Step 4(iii): Earn a Doctorate in Human Resources

Getting a doctorate is another optional step that takes about three to four years. But it’s completely worth it in the end. A PhD in HR is strongly grounded in higher coursework in information technology, labor management, arbitration, professional counselling, mediation, technical communications, employee development, employment law, contract negotiation, professional communications, statistics, and of course, human resource theory paired with human resource operations. PhD holders in this field usually soar to advanced management positions, ultimately managing teams at private companies.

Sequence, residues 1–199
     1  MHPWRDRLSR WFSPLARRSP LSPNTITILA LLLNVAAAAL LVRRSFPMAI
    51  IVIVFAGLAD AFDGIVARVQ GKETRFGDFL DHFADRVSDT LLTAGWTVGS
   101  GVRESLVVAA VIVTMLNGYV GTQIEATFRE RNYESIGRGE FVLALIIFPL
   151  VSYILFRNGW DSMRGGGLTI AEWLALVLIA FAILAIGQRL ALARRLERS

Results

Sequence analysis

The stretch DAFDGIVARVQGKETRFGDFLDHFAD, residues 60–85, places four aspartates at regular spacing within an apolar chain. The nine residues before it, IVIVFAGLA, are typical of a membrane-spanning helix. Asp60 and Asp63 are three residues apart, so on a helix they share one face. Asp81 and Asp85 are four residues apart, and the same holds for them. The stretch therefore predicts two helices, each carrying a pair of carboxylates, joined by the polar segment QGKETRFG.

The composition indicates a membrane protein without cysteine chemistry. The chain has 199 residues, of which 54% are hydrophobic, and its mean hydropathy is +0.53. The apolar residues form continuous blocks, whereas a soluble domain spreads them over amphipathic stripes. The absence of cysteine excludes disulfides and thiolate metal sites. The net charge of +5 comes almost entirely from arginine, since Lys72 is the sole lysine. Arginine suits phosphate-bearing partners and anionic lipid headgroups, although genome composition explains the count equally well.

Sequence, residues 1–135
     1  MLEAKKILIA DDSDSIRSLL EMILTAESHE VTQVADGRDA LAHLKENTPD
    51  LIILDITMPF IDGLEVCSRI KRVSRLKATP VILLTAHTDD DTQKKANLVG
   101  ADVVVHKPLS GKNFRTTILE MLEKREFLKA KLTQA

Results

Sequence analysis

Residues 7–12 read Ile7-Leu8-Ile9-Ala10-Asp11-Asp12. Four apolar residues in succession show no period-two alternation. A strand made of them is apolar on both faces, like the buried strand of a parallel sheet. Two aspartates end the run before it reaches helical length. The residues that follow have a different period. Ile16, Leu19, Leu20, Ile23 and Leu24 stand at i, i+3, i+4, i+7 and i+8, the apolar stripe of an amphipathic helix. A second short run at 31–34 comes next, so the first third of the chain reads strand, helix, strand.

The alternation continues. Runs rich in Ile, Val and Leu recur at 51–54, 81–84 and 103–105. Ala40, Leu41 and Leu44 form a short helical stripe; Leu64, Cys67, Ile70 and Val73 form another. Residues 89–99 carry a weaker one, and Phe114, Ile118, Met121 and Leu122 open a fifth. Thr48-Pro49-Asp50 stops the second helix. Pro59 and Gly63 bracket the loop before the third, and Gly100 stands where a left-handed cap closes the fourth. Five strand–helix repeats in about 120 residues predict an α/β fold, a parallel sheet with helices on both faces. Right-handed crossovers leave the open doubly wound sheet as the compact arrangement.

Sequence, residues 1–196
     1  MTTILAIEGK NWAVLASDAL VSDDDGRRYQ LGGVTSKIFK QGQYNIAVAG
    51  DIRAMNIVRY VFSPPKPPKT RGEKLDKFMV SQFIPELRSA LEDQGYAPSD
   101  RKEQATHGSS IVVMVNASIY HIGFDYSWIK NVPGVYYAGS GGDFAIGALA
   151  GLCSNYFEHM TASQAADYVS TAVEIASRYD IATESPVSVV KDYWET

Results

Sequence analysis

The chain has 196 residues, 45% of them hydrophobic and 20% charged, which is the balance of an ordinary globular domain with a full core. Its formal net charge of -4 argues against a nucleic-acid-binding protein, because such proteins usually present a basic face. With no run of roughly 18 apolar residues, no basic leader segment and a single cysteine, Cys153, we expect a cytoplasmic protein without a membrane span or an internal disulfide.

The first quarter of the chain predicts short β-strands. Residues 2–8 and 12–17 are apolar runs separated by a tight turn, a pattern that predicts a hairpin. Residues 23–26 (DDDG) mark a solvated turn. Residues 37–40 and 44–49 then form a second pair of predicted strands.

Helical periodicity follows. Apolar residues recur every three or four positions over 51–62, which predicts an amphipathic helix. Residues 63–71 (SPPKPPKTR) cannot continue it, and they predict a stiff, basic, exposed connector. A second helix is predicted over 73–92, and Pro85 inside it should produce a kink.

Step 5: Try HR Certification

Basically, in human resources certification, a third-party organization analyzes the standard of an applicant’s experience and knowledge. Those who meet industry benchmarks are eligible for certification. These talented individuals have a lot to offer, so it’s no surprise that a growing number of companies are on the lookout for HR executives with additional certifications. Not only do these show expertise, but they also display dedication and commitment to the field.

Both the Society for Human Resource Management (SHRM) and the HR Certification Institute (HRCI) offer a variety of certification designations, like Senior Professional in Human Resources (SPHR), Certified Employment Benefits Specialist (CEBS), and Professional of Human Resources (PHR) certifications. Some more specialization tracks are Compensation Management Specialist, Retirement Plans Associate, and Group Benefits Associate.